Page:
“We really hit it across the board,” Carroll said. “This year was a really good year for connecting with the right kinds of guys to really compete and add to the mentality. I don’t want to say that we tried harder at it. As always, we refocused, and we did better this year collectively hitting it. That’s why camp is good, that’s why every day these guys are juiced and ready to roll. They just add a nice energy. You can feel it.”

Carroll has seen it with veterans too, most notably in how Russell Wilson and Doug Baldwin are working together. It’s there with a crew of running backs that Carroll calls “the most competitive group we’ve had,” with Penny fighting Chris Carson, Mike Davis and C.J. Prosise for snaps. And on defense, the addition of ex-Viking Tom Johnson has helped in pushing young D-linemen like Jarran Reed.

“There’s just been a lot of highlights, a lot of spots that fire me up,” Carroll said. “I’m really looking forward to seeing how we come together when we get to camp.”

Of course, there’s another side to this, and that’s the fact that the previous crew was really, really good. It’s fine to be excited now. It’s another thing to actually win like those Seahawks did over the last six seasons. (A regular-season record of 65-30-1, five playoff appearances, three division titles, two NFC championships and a Super Bowl win.) 

Carroll acknowledges that, of course, but he also doesn’t see this as a teardown. That brings us back to the other piece of last year to remember, which is the rash of injuries the Seahawks went through. It pushed onto the field a lot of guys who will be playing bigger roles this year, forcing them to get their feet wet. And what he saw then, and is seeing now, gives him hope that this could be 2012 again.

“It does feel like that,” Carroll said. “There was a time when our star players weren’t star players yet—they were just coming up, and it was exciting to see that emergence. That’s what we’re counting on in the next year, seeing these guys start to come to prominence and make a spot for themselves. I’m not even concerned about it. I just want to see what the timeline is. I hope it happens now. I want to see it happen right away.”

Last year a lot of people saw the changes looming and thought it was the perfect time for Carroll to walk away—he’ll be 67 in September, and after this year he’ll have been in Seattle as long as he was at USC. He sees it as a new start.

“I was clearly aware of what other people thought from the outside, because it was stated enough. Really, from my perspective, it turned me the other way,” Carroll said. “It made me more jacked up to get back into it, because we were taking all the right steps in the transition we were going to have to face, to make it work out.

“Somebody said, ‘You’re 65, are you thinking of retiring?’ or whatever it was. Who says at 65, you have to retire? What does that mean? It means nothing to me. I’m not old enough to retire. I’m not there at all. I do understand why people thought that. [But] we are not low on juice around here.”

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Hue Jackson Jumped in a Lake; Now It’s on to 2018

A couple weeks back, Browns coach Hue Jackson fulfilled a promise to the fans in Cleveland, jumping in Lake Erie as a form of penance for going 0-16. He called it an “outstanding day for all involved,” in part because owner Dee Haslam was there, and in larger part because $30,000 was raised for his foundation.

It’s also the last he wants to hear about 2017. When he and I spoke on Thursday night, Jackson told me the players haven’t heard much from the coaches about it this spring. And they won’t either.

“It’s something we already know we were,” Jackson said. “We want to turn the page on that as fast as we can. Obviously we can’t get the taste out of our mouth until we start playing football games. We all know that and we respect that. But to talk about it, what does that do? It doesn’t do anything but bring up bad memories. We’ve pushed forward from that.”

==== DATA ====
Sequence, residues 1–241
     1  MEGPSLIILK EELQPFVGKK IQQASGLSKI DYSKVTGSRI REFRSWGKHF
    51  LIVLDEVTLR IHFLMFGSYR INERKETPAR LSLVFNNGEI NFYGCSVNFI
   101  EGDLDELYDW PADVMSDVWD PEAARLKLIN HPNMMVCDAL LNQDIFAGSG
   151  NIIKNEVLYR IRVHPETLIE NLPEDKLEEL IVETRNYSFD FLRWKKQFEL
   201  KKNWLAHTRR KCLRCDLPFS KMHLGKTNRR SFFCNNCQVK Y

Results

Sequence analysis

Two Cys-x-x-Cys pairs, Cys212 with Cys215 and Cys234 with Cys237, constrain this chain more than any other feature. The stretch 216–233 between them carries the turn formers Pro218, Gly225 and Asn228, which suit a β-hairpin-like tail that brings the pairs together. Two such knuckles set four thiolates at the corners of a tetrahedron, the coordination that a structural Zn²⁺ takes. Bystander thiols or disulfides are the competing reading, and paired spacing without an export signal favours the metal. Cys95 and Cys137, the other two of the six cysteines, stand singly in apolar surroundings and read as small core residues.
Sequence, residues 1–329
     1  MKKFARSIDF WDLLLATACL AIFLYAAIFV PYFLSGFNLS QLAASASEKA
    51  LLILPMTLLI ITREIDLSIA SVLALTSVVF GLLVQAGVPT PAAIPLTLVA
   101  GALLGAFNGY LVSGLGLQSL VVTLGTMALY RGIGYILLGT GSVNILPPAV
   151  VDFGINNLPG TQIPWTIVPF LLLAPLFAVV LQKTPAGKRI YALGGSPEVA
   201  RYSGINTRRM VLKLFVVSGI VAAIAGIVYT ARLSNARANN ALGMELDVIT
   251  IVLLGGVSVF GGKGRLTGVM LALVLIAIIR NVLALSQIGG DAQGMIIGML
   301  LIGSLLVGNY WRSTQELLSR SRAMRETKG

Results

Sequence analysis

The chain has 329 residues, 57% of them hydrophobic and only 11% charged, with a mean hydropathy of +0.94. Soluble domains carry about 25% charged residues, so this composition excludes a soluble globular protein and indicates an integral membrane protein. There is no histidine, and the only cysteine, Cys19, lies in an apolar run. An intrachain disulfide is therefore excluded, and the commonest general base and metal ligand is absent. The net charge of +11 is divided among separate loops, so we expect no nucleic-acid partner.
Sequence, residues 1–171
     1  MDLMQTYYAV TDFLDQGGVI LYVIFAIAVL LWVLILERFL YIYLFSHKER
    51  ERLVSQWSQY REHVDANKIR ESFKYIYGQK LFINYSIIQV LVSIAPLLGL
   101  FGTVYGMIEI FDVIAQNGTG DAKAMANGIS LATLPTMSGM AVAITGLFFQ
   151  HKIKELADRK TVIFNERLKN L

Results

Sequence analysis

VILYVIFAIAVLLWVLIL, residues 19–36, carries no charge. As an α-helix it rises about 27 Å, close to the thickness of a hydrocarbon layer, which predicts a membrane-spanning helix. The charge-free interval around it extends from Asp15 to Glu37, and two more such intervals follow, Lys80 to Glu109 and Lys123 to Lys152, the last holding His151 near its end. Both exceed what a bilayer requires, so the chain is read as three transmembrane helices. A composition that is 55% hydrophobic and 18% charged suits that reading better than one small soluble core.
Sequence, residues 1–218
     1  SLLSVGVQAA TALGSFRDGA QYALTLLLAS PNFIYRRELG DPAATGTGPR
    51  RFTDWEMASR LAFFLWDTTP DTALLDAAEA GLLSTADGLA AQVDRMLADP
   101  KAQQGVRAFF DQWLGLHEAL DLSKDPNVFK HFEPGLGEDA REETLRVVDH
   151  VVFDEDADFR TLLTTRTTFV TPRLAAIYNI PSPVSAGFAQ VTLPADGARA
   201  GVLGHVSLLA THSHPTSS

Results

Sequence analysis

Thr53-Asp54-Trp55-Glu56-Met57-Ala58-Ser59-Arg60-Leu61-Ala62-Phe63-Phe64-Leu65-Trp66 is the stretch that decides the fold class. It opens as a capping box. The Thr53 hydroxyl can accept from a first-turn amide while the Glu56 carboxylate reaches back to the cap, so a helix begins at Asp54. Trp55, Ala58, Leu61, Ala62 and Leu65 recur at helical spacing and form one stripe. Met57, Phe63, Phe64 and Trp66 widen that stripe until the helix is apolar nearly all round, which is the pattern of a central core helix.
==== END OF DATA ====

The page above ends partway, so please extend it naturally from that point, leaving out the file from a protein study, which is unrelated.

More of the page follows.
The Browns’ minicamp this week will wrap up what’s been a much different offseason in Berea. After the Browns took an analytically driven, patient approach to building the roster in 2016 and ’17, new GM John Dorsey showed overwhelming urgency to get the team to 2018.

Yes, 0-16 is still there, but because of all of the activity, and because of Dorsey’s presence, to the people in Berea it feels like it happened longer than five months ago. That’s why I thought to reach out to Jackson this week. Here are a few nuggets from that conversation, straight from Hue to you…

Jackson wants the players to feel the urgency. “That’s the way John’s approached it. I know it’s the way our coaching staff has approached it. We want to get to winning as soon as we can, and the moves signal that. Tyrod Taylor’s our starting quarterback, we drafted a rookie quarterback, and I think it’s a great situation to be in—we don’t have to play a rookie quarterback right away, because we have a proven guy who’s played in the league, won games, played in playoff games. That’s exciting. I also think it sends a message, creates a narrative that this team is gearing up to win, that everything we’re doing is pointing towards winning.”

The talent is better… “If you look across the locker room, every position group has been upgraded with more talent. It’s everywhere. That in itself, when you look from one guy to the next, they can see it, there’s been more talent brought on to this football team. … I’ve been in this for a while, so there are things you can tell. I’m not ever going to say our team is not good enough, or we’re not this or not that. We’ll know when we get to training camp. But I do know there’s talent on this football team. And I think that’s obvious. If you look around the roster, there’s been some players who’ve been really good players on other teams.”

… so is the synergy between scouting and coaching… “When it’s like that—and it is now and has been since John has been here with us—we see things the same. So when you’re trying to acquire players, there’s a reason why we’re putting him on our team. There’s a reason why we’re doing everything that we’re trying to do in the offseason to get this team to be the best they can be. It doesn’t mean we agree all the time, but we have great discussions and great conversations about why. You gotta win your ‘why’ on why we’re doing this.”